Why awards recognition makes your organisation feel good!

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I love this exciting time of year when organisations begin to release their awards shortlists. One of the organisations I’m involved with, HR in Hospitality, has just announced their shortlist for the annual Awards for Excellence. I’m so excited on behalf of all the nominees. Here’s why…

 

Nominations promote positive team spirit

It’s amazing when colleagues take the time to write awards entries. The act of nomination itself is recognition of exceptional individual or team performance. It’s wonderful when colleagues care enough to take time to nominate one of their colleagues for the ultimate in recognition. 

 

Being recognised creates the feel good factor

In the run up to the ceremony, the excitement builds. There’s talk of dress code, assessing the competition, and the all-important ‘do you think we’ll win?’ discussions. It’s all part of the feel good factor that recognition creates. I’ve seen that feeling of togetherness, team spirit and mutual support it can develop. 

On the night of the ceremony, the atmosphere is electric. For me, it’s my equivalent of being in a sports stadium cheering on your beloved team to win. I love it!  The anticipation builds as everyone is seated for dinner, excited to find out whether they have triumphed this year.

As the awards announcement nears the excitement reaches fever pitch. The presenter reads out a synopsis of the winner and the person slowly realises they’ve won. A huge cheer goes up from the winning table, like their team has just scored the winning penalty in the cup final!

Up to the stage the winner goes to receive their deserved recognition with a big proud smile on their face. That moment will stay with them forever. It’s awesome to watch.  

 

Recognition can transform a team 

I’ve been lucky enough to experience awards ceremonies from various positions: as a nominee, a judge, presenter and category sponsor. I know that receiving recognition can change a team or individual’s energy, engagement and motivation. 

Employee recognition creates a feel good factor that has clear benefits to an organisation’s performance. Can you imagine how the award winners feel the next day when they go into work, award in hand? Knowing they have the respect of their colleagues and can add ‘award winner’ to their CV. It gives everyone a lift and a clear sense of achievement.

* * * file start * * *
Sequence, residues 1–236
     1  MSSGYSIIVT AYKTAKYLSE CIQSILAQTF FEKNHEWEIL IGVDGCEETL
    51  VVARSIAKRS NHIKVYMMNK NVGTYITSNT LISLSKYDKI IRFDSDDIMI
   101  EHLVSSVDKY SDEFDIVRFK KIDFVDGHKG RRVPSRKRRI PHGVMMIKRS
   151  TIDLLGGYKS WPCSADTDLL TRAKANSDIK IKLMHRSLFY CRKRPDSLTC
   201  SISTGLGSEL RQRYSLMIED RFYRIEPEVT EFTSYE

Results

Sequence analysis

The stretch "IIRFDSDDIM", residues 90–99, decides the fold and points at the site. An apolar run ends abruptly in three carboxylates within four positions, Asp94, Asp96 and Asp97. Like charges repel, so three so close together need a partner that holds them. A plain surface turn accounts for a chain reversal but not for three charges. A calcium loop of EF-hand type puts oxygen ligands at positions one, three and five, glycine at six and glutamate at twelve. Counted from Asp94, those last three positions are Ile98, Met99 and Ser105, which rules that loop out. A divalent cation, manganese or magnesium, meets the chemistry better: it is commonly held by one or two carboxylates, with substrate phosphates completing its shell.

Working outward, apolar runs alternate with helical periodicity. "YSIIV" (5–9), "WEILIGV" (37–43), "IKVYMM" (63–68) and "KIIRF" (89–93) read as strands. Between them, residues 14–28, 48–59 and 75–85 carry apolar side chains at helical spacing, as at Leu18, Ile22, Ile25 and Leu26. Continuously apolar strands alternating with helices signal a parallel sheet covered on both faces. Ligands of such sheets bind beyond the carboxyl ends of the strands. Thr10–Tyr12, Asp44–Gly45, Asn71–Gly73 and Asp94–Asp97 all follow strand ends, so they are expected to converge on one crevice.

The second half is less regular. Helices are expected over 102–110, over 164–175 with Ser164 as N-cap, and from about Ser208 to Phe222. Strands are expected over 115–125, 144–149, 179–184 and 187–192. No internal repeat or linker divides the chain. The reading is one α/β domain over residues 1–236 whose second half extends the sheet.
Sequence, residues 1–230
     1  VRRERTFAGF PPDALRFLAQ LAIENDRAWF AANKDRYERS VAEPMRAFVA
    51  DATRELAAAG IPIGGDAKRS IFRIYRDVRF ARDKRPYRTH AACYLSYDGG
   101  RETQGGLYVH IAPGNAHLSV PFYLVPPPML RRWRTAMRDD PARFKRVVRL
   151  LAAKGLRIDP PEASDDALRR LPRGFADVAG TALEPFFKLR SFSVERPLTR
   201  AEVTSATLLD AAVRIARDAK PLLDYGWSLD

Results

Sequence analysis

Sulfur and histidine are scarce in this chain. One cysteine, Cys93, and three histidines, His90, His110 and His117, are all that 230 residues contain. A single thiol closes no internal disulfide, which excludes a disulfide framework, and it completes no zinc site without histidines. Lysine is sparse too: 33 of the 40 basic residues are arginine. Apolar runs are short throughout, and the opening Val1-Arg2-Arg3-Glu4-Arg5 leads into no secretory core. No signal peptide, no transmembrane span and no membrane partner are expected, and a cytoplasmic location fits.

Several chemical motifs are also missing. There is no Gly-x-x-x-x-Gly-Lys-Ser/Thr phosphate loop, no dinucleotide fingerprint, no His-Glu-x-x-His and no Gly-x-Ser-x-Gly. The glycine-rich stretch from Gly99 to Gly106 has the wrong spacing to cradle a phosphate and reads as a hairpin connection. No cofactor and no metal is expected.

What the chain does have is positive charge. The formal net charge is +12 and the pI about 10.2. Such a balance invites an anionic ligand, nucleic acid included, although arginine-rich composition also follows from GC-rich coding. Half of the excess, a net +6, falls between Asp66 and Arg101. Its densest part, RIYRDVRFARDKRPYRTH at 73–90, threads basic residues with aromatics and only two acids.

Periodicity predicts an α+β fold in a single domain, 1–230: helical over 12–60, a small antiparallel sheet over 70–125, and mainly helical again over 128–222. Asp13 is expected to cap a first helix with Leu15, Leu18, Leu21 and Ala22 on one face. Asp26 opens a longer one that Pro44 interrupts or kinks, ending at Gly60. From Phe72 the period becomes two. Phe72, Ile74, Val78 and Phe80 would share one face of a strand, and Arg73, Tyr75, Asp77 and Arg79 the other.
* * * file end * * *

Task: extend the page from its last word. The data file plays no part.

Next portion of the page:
If you’d like to discover how to create the feel good factor in your organisation, please get in touch. We are brimming with ideas!

 

Choose a suitable form of employee recognition

Whilst winning awards is fabulous, it’s not the only way for managers to recognise exceptional performance. Recognition is about being noticed. But awards aren’t the only way to recognise an individual’s performance. Managers and leaders would ideally notice what kind of recognition is appropriate for each team member. Some people might not want to stand up on a stage and be the centre of attention. For these individuals there are other more appropriate forms of reward and recognition. I will examine these in my next post. 

 

How exceptional managers recognise star performers

In the meantime, I want to leave you with a story about how an exceptional manager I know achieves recognition for their team through awards. 

This person takes every opportunity to consider how the ‘Star’ performers in her team can gain the recognition they deserve. She makes it her business to know what awards are open for entries and which would best suit her team members, based on age, profile and benefits for the individual or team.  

What’s interesting is the impact this approach has had on her team. Yes, this is only one element of this manager’s approach to exceptional leadership, but it’s led to a team culture that oozes positivity. She’s nurtured a group of people who are motivated by their work, who support one another and feel good about going to work and delivering exceptional customer experience. 

Could you do this for your team? Do you make an effort to understand each employee’s preferences and match them with an appropriate form of recognition?